Attribute: An attribute is another term for a field. It’s typically a public constant or a public variable that can be accessed directly. In this particular case, the array in Java is actually an object and you are accessing the public constant value that represents the length of the array. The Attributes class maps Manifest attribute names to associated string values. Valid attribute names are case-insensitive, are restricted to the ASCII characters in the set [0-9a-zA-Z_-], and cannot exceed 70 characters in length. Attribute values can contain any characters and will be UTF8-encoded when written to the output stream.
Method: A Java method is a collection of statements that are grouped together to perform an operation. When you call the System.out.println() method, for example, the system actually executes several statements in order to display a message on the console.
Once again, last semester I did this WSQ in python and it was very tricky, today I saw the work of my classmates to achive this one principaly Jorge Padilla’s Blog. Honestly I use his code to practice and understand more about this wsq.
A Lychrel number is a natural number that cannot form a palindrome through the iterative process of repeatedly reversing its digits and adding the resulting numbers. This process is sometimes called the 196-algorithm, after the most famous number associated with the process.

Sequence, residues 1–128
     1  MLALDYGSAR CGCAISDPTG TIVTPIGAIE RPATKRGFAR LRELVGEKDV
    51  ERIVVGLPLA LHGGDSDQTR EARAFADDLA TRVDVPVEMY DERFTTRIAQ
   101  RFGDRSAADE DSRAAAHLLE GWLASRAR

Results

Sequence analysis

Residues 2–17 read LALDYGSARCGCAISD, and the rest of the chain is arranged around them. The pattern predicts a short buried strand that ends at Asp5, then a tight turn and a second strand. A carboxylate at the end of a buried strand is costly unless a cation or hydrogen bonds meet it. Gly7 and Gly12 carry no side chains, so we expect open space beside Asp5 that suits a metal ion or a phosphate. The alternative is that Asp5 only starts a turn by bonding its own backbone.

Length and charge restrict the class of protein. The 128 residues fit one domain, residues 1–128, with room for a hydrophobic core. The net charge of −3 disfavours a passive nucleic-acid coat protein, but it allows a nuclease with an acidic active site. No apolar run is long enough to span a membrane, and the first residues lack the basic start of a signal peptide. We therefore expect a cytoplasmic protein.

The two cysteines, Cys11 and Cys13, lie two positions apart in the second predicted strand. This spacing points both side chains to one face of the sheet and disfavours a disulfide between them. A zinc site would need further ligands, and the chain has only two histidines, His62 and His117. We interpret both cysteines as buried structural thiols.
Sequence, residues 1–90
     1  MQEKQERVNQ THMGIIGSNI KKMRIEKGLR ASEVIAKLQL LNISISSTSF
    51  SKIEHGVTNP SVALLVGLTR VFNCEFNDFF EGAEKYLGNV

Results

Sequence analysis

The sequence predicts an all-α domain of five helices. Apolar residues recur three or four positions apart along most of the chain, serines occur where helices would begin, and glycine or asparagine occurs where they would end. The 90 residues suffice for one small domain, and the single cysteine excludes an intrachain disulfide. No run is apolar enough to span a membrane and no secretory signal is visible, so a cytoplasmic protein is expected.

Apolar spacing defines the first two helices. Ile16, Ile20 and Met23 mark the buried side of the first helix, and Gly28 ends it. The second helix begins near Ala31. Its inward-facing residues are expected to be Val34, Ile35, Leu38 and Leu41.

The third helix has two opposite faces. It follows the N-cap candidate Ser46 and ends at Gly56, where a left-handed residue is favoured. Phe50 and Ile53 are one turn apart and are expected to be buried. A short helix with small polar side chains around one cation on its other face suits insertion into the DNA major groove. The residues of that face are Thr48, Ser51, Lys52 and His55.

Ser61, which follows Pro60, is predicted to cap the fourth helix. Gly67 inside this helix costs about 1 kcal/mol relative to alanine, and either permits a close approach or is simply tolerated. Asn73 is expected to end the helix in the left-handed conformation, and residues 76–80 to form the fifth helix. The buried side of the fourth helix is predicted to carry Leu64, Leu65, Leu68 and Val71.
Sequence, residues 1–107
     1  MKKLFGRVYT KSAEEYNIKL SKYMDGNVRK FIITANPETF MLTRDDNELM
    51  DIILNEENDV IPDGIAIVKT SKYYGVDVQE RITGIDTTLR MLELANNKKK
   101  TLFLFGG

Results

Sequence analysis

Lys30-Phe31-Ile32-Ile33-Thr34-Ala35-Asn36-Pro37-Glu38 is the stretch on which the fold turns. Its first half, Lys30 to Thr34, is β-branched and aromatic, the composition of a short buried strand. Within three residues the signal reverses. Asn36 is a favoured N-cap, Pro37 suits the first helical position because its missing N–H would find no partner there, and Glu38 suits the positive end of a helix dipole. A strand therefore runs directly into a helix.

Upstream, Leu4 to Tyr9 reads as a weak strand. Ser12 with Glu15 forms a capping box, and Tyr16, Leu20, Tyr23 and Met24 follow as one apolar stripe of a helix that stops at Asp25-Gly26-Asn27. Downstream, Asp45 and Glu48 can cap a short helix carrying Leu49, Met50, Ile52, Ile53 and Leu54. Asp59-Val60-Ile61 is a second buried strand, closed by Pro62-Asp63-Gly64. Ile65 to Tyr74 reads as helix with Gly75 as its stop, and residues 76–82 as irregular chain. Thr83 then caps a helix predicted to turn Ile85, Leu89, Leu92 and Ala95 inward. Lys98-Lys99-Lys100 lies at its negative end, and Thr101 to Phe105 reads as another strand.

A Reverse-and-add process produces the sum of a number and the number formed by reversing the order of its digits. For example, 56 + 65 = 121. As another example, 125 + 521 = 646.
A palindrome is a word, phrase, number, or other sequence of characters which reads the same backward or forward. Allowances may be made for adjustments to capital letters, punctuation, and word dividers.
Here’s the code on my git but special thanks to Jorge for share his code.
The Babylonians had an accurate and simple method for finding the square roots of numbers. This method is also known as Heron’s method, after the Greek mathematician who lived in the first century AD. Indian mathematicians also used a similar method as early as 800 BC. The Babylonians are credited with having first invented this square root method, possibly as early as 1900 BC.
The Babylonian method for finding square roots involves dividing and averaging, over and over, to obtain a more accurate solution with each repeat of the process.
Last semester I did this program in Python but now it’s very different and more complex. However, I saw some codes of my classmates and did some research to achieve this wsq. It was not difficult but you need to think clearly how to use this method.
I use import javax.swing.JOptionPane;. This is a pane to ask an input to the user. This is located in the javax.swing library. The JOptionPane class allows you to have input boxes